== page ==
Money Game is awesome, it tells you alot about the market of the 60's. The parallels to the 90's are eerie. The only thing that changed are the ticker symbols. The big growth stocks then were bowling, airlines. Makes me think twice about Google, Apple, or anything tech.

The S&P 500 after 94, 95, 96 (Greenspan's irrational exuberance), it's not going to end well for todays investors. Some of the big names like Mrk, Pfe, they're where they in 95. Buying the S&P now long term would be like buying Japan at 25,000.

Mostly, I follow Jim Rogers (loved Investment Biker and Adventure Capitalist), Buffett, Charlie Munger, guys like that.

Also, I don't think we've had the pain for a real tradable rally, one you can hold for 6 months or a few years. The S&P has been flat for 10 years after all the hype from the 90's, but no one has really abandoned stocks yet.
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Old 09-27-2008, 11:27 AM   #28
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Mostly, I follow Jim Rogers (loved Investment Biker and Adventure Capitalist), Buffett, Charlie Munger, guys like that.
Buffett's been jumping into the market with both feet (not in indexes of course).
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Old 09-27-2008, 12:14 PM   #29
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Thanks.

I've already accomplished some of my financial goals (part of it is avoiding mistakes like buying Intel at $80 or Cisco at $100)

Money Game is awesome, it tells you alot about the market of the 60's. The parallels to the 90's are eerie. The only thing that changed are the ticker symbols. The big growth stocks then were bowling, airlines. Makes me think twice about Google, Apple, or anything tech.

The S&P 500 after 94, 95, 96 (Greenspan's irrational exuberance), it's not going to end well for todays investors. Some of the big names like Mrk, Pfe, they're where they in 95. Buying the S&P now long term would be like buying Japan at 25,000.

Mostly, I follow Jim Rogers (loved Investment Biker and Adventure Capitalist), Buffett, Charlie Munger, guys like that.

Also, I don't think we've had the pain for a real tradable rally, one you can hold for 6 months or a few years. The S&P has been flat for 10 years after all the hype from the 90's, but no one has really abandoned stocks yet.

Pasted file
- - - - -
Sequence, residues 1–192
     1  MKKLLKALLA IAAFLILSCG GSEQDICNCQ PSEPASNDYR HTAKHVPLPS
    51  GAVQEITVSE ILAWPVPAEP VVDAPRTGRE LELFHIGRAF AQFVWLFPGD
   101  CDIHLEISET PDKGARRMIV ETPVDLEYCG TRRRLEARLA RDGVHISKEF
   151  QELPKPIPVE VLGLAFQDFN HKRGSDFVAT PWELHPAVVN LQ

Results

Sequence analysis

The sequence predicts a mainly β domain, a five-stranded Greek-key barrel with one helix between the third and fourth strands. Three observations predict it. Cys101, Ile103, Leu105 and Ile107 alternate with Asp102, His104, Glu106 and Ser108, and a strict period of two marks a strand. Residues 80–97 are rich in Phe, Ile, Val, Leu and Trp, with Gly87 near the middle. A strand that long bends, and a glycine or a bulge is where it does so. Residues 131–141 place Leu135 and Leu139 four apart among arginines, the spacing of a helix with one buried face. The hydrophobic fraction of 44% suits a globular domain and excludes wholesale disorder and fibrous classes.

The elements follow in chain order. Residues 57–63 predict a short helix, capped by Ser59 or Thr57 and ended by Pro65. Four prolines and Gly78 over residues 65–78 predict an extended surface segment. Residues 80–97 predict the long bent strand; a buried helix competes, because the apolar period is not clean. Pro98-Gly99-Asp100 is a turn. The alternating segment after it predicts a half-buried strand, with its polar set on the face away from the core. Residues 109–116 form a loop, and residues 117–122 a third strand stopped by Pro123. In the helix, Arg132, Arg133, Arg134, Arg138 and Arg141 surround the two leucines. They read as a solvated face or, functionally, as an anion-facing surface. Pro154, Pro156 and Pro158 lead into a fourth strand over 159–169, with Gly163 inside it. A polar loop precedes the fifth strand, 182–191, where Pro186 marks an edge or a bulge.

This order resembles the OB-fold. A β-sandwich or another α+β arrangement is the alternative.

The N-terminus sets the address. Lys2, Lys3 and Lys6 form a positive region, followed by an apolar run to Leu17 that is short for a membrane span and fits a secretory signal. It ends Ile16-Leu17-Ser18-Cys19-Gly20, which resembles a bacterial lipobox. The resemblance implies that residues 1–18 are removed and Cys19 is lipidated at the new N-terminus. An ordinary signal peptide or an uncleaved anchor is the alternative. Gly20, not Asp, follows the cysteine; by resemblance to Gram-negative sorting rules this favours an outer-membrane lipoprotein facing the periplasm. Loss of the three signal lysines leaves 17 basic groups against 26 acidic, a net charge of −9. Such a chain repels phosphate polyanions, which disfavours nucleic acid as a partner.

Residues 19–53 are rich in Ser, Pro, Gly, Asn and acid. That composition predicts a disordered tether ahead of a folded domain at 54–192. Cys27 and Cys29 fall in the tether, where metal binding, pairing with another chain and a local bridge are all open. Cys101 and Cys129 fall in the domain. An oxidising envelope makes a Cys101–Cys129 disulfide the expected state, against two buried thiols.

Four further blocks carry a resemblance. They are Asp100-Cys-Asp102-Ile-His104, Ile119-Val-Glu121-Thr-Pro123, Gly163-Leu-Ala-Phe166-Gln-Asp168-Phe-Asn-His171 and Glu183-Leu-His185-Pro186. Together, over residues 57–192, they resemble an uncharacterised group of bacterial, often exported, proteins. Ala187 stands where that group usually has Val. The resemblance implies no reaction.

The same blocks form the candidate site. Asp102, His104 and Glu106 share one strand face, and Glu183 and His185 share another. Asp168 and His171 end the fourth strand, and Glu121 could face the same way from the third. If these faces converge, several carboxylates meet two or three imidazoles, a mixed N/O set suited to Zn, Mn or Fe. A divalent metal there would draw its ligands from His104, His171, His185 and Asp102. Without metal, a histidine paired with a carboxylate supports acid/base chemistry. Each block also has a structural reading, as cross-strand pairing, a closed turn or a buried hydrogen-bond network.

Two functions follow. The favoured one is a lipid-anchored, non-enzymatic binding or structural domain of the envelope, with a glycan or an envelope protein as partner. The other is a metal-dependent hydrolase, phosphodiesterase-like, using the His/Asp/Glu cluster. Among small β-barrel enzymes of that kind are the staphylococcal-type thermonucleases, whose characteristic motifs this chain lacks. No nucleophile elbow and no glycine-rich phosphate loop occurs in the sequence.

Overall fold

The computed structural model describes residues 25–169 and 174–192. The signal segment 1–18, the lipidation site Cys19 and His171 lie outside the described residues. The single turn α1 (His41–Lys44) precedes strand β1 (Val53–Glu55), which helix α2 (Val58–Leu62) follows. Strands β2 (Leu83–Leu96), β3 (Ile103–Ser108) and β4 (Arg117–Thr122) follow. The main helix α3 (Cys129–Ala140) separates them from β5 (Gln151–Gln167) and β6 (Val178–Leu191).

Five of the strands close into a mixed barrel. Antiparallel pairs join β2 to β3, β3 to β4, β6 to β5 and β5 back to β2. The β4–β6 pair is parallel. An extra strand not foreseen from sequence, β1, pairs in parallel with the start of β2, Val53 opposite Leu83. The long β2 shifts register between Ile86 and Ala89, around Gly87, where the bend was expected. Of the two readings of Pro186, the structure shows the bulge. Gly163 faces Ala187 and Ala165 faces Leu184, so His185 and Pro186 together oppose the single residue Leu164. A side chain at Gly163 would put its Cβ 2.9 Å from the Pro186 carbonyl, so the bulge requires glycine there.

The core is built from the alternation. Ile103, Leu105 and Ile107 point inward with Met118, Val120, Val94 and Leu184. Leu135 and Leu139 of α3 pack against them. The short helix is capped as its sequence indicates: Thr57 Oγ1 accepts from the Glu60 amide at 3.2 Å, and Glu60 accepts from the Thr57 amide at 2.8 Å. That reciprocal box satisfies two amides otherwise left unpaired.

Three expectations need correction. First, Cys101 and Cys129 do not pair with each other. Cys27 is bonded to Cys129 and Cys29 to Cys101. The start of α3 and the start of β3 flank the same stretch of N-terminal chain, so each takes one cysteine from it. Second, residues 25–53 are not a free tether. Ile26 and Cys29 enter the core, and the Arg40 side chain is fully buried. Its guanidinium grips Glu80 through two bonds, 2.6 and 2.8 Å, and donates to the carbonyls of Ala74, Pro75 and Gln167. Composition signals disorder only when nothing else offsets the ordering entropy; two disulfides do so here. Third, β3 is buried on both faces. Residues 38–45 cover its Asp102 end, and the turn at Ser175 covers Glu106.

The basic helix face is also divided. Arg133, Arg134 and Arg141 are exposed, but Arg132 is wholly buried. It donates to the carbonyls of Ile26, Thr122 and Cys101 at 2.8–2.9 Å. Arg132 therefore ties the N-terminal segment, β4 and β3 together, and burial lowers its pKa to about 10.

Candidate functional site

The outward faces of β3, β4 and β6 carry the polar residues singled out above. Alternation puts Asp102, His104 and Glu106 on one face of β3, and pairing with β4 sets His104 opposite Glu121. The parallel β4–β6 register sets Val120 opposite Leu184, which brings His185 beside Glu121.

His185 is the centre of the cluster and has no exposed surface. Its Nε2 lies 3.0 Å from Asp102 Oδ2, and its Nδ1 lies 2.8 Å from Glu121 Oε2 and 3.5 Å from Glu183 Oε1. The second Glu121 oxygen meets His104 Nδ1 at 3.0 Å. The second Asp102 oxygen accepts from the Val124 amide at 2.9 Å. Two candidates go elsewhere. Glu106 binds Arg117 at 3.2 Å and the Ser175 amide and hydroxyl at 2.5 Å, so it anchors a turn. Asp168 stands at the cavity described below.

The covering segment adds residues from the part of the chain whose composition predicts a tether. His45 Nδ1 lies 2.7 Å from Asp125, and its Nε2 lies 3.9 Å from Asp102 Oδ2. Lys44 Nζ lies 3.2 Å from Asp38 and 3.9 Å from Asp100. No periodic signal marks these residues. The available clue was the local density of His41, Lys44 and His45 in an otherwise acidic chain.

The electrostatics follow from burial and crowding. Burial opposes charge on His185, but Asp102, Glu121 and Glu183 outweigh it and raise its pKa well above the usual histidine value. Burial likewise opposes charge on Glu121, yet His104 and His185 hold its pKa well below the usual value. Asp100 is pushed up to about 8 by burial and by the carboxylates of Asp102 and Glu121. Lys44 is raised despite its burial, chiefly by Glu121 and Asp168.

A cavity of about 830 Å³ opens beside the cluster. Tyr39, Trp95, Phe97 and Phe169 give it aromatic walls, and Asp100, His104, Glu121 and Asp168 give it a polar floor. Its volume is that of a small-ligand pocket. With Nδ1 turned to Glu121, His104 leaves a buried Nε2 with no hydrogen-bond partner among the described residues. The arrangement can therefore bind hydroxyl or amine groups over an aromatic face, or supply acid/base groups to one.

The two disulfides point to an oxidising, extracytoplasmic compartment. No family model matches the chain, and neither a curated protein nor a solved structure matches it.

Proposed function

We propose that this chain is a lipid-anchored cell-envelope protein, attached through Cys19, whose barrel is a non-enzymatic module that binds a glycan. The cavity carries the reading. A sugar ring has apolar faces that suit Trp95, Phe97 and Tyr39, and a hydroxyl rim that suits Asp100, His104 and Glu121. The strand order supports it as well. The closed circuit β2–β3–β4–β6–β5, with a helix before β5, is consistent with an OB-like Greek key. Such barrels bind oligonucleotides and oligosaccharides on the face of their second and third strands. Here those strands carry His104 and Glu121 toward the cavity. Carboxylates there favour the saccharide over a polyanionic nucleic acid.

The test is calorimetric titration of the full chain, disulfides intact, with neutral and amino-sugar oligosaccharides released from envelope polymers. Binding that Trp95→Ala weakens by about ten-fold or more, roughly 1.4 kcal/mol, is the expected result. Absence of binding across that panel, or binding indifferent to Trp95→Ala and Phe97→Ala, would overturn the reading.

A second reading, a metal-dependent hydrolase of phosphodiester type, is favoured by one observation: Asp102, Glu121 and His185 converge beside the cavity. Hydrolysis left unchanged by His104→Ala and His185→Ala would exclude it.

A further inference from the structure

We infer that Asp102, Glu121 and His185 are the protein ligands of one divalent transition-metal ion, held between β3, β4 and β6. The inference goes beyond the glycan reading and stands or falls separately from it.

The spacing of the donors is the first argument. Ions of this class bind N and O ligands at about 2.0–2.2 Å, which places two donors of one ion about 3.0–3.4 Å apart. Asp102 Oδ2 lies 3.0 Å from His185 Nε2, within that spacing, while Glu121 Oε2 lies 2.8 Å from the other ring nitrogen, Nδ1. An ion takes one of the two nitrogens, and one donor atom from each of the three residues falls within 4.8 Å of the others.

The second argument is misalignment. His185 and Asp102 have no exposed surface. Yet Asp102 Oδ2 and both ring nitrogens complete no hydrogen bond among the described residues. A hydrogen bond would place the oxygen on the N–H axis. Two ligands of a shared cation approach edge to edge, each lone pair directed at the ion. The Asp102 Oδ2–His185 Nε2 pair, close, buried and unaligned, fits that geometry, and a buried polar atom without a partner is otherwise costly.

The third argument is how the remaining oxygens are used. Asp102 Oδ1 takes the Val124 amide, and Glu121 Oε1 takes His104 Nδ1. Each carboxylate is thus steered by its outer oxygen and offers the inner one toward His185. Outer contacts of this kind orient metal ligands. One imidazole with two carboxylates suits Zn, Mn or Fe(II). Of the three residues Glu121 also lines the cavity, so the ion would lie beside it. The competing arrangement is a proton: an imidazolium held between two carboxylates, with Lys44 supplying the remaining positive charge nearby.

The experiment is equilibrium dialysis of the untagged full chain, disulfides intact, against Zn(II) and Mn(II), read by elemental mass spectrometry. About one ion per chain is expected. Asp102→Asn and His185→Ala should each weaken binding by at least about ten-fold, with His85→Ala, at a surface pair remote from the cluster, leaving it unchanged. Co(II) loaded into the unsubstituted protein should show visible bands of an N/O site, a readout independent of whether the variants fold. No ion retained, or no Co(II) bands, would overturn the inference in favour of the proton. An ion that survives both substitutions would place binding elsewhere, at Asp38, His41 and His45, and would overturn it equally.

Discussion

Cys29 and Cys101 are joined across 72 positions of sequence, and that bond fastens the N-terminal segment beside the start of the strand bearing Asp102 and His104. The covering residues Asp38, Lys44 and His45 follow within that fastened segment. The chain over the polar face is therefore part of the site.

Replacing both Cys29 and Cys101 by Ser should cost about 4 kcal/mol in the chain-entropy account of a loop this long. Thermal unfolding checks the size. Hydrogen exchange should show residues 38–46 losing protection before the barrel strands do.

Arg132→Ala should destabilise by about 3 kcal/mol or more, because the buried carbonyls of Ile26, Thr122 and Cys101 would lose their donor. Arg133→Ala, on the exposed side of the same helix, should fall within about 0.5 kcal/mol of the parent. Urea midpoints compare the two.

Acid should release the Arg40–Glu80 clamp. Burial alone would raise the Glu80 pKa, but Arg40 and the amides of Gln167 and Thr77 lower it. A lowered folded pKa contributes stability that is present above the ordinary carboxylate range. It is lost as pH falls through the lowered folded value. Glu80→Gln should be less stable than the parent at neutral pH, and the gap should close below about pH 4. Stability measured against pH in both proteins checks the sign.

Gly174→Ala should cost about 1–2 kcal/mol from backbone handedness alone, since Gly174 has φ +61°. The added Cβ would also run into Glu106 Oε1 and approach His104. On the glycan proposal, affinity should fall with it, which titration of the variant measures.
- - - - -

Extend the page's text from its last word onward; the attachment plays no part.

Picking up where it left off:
Yeah, I was gonna say Rogers and Buffet seem to be a strange couple. Rogers is preparing/warning of long recession and doesn't seem to be all that optimistic about the US going forward while Buffet is pretty optimistic long term.

Kinda hard to follow in Buffet's footsteps as I doubt you have the captial and can demand your own terms like the GS deal. Also kinda hard to follow some of Rogers' specific ideas/recommendations when he doesn't file SEC documents but he as made some good calls.

SOB said Fannie and Freddie would be bankrupt when the stocks were in the $40s-$50s.
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Old 09-27-2008, 06:49 PM   #30
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Also kinda hard to follow some of Rogers' specific ideas/recommendations .....
Well, you could move to Asia (Singapore specifically, I think)! Might not be a bad idea.
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Old 09-27-2008, 09:38 PM   #31
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With Jim, just reading Investment Biker, Adventure Capitalist, and keeping up with his views (I follow his youtube interviews). And it's easy to get his interviews on Google News. He sold his house for $15 or $17 million in NYC. Anyone that has a house worth $17 million, I'll pay attention to .

The difference between the two about the economy...the two scenarios can still play out...hard times, bad recession, weak dollar. The indexes are flat to down. But Buffett still makes money on his sweet heart deals.

Buffett...mostly I've gotten investor psychology, and he points out so much stupidity that goes on. Also some good book recommendations I had not read before.

"Where are the customers yachts." Suprise, there are no customers yachts. It's a funny book.

Also from Buffett, stop trying to be a master of everything. All these guys on tv are trying to master every sector, every asset class, every economic indicator. Stop trying to do everything and know your limits. Stop thinking that everything is knowable.

And Munger has a fantastic book, Poor Charlie's Almanack.
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Old 09-29-2008, 06:41 AM   #32
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The valuation measure I refer to was revised yesterday. The original measure says the market was undervalued by 1% on 24th September, but they seem to think mark-to-market accounting has affected it adversely and have computed a new version, which gives the same verdict as CAPE, that the market was still 35% overvalued on 24 September (S&P 500 at 1186.)

The new measure

Smithers & Co. - US CAPE and q chart

The original measure

Smithers & Co. - US q chart